The road has been my home for the better part of my adult life. That elusive space not quite here or there, but simply a collection of moments in between.
Let’s rephrase that. The road has been where I’ve felt most at home for the better part of my entire life. Sure, I’ve had homes during this time period, even signed a few leases despite my better judgement. But it’s always that momentum, that inexplicable excitement of stepping over a threshold and knowing you won’t return to that place anytime soon, or ever, that keeps the movement constant.
The trips I go on are driven by the outdoor activities we all share a love for—skiing, surfing and climbing top the list but certainly don’t fill it—and often the goal of capturing a very specific moment in action via video or stills. Skiing spine lines with sunrise light can demand a week of snow camping in Chile; daily five-hour treks up the flanks of a peak to wait for a break in the weather in Japan; or a single turn with a very specific composition in British Columbia. The narrative for these shoots is often centered on a single objective and our journey to achieve that objective, or perhaps no narrative at all. A well-trodden path in action sports.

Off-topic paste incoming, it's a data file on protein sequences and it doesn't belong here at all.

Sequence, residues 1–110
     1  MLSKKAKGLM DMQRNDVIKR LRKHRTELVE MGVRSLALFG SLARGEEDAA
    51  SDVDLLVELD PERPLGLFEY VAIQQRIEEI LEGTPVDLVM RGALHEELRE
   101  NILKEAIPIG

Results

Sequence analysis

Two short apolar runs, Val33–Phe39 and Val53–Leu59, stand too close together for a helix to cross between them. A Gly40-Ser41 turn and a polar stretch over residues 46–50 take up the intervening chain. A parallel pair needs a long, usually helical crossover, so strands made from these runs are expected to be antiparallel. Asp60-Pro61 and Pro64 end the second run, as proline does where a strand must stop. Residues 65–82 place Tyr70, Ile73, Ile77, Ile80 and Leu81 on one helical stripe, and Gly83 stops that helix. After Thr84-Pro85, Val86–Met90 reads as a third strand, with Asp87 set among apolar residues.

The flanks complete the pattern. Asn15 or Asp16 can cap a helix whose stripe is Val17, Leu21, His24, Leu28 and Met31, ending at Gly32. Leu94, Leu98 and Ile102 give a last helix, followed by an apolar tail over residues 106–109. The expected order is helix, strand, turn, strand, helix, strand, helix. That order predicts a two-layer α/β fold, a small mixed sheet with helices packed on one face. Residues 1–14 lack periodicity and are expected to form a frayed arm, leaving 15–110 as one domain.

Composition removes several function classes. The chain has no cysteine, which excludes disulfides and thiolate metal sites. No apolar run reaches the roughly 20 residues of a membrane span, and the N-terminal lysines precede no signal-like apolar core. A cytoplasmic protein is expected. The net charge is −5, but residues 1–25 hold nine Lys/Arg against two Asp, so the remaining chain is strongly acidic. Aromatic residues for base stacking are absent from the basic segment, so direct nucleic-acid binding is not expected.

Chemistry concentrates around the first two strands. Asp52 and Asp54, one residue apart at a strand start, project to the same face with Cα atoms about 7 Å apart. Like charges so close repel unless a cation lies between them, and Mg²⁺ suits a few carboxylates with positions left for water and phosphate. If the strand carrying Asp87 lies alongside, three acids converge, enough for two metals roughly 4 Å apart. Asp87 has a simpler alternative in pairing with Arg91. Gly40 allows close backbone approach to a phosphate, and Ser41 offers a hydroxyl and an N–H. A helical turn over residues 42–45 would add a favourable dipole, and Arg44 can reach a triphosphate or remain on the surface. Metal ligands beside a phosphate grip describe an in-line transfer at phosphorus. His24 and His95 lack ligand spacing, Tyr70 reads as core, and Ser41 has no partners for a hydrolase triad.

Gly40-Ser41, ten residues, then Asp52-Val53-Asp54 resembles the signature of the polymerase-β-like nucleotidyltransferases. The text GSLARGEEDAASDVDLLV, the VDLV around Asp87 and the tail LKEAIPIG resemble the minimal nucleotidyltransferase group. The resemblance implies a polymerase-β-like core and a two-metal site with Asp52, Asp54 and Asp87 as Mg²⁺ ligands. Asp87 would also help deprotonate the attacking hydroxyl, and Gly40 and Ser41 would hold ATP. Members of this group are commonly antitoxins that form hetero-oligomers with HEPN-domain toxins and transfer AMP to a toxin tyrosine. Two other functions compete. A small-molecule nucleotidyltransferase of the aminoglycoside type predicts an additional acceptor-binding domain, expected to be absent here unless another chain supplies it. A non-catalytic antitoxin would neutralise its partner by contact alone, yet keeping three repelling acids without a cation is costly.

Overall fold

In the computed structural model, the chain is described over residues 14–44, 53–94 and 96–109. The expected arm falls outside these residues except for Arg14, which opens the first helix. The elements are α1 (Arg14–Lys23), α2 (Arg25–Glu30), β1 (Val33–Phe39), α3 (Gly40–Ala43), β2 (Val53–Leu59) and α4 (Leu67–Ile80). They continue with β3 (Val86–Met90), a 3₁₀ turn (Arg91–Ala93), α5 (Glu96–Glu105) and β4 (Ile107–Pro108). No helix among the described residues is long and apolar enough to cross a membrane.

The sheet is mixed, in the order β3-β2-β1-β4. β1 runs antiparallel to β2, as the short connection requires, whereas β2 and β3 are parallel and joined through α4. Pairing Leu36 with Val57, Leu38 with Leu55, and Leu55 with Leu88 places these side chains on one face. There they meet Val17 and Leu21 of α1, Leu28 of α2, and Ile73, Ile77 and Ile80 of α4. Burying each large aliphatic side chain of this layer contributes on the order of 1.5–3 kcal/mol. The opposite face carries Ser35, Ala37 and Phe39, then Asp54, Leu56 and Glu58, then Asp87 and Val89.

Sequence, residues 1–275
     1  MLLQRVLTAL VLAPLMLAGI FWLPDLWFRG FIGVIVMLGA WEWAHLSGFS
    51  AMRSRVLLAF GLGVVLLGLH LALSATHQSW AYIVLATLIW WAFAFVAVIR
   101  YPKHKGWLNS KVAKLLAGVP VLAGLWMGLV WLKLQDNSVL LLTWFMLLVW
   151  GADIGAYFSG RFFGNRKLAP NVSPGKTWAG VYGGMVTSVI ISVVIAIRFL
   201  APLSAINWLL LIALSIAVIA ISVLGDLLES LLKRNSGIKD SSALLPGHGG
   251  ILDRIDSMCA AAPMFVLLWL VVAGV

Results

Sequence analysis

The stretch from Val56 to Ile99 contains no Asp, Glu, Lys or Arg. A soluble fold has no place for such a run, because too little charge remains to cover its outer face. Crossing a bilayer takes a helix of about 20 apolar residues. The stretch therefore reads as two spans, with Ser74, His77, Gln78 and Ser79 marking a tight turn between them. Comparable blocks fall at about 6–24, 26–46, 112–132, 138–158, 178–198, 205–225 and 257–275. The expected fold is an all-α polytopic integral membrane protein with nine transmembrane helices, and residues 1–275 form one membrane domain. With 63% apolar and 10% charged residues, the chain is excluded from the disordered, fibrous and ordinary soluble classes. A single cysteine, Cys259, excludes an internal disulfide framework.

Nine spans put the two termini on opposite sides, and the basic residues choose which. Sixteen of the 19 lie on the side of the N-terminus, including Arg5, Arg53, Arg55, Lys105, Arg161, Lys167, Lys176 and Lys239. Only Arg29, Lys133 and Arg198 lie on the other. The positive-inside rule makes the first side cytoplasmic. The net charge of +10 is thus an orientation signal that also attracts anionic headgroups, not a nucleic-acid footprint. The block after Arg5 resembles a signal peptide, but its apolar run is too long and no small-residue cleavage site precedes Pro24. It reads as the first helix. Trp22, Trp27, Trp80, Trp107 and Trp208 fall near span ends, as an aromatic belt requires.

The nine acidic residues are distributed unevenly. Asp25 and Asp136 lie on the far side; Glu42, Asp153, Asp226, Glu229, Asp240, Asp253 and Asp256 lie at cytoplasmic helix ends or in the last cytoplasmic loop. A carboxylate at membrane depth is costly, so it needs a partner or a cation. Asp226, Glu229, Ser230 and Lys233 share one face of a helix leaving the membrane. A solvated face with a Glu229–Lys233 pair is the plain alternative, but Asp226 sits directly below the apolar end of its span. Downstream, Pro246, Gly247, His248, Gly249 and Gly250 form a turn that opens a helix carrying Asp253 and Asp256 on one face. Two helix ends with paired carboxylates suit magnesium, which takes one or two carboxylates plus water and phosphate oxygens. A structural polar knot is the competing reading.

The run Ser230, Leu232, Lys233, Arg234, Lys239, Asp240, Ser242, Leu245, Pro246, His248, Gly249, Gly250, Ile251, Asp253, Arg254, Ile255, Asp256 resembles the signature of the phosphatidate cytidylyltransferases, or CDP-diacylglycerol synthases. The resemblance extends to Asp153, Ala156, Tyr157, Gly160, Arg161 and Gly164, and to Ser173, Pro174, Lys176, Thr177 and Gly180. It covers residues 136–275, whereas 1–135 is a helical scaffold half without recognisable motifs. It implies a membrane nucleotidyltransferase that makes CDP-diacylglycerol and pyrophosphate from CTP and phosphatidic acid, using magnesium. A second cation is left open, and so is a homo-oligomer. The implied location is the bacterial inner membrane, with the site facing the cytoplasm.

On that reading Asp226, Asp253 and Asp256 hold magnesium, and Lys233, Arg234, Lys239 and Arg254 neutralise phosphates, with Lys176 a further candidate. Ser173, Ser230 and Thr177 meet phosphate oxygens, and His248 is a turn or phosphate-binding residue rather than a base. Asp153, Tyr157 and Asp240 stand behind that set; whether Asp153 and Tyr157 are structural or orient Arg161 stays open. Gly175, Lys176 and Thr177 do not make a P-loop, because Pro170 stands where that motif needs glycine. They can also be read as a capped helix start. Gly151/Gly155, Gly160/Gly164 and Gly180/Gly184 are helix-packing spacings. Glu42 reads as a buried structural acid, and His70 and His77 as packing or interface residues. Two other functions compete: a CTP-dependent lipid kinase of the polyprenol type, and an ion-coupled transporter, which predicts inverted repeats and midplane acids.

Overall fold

It was on these trips that I often found myself standing, staring, chatting or simply wandering in between shots. I would get lost and find the environment itself was the most interesting character I could ever imagine. Whether it was the dizzying pace and mechanics of a fish market in Korea, standing still in a pulsing river of human bodies in downtown Tokyo, or the deafening quiet of open spaces in the American West, these fleeting moments between objectives always stuck with me.
The Gone Tomorrow series became a byproduct of those moments. I added my own camera to the mix of whatever trip I was on, with a simple personal objective and set of rules. During those in-between moments, try to capture the place and the experience of moving through it. Let the viewer feel more participant than observer. Then use spoken narrative from local authors and music from local artists to highlight the energy of the place. At the very least, the videos offered a memento I could relish personally. At most, they might inspire others to take a few extra steps and few extra moments in an adventure of their own.
With that extended introduction, I hope you enjoy these first three mementos from Gone Tomorrow.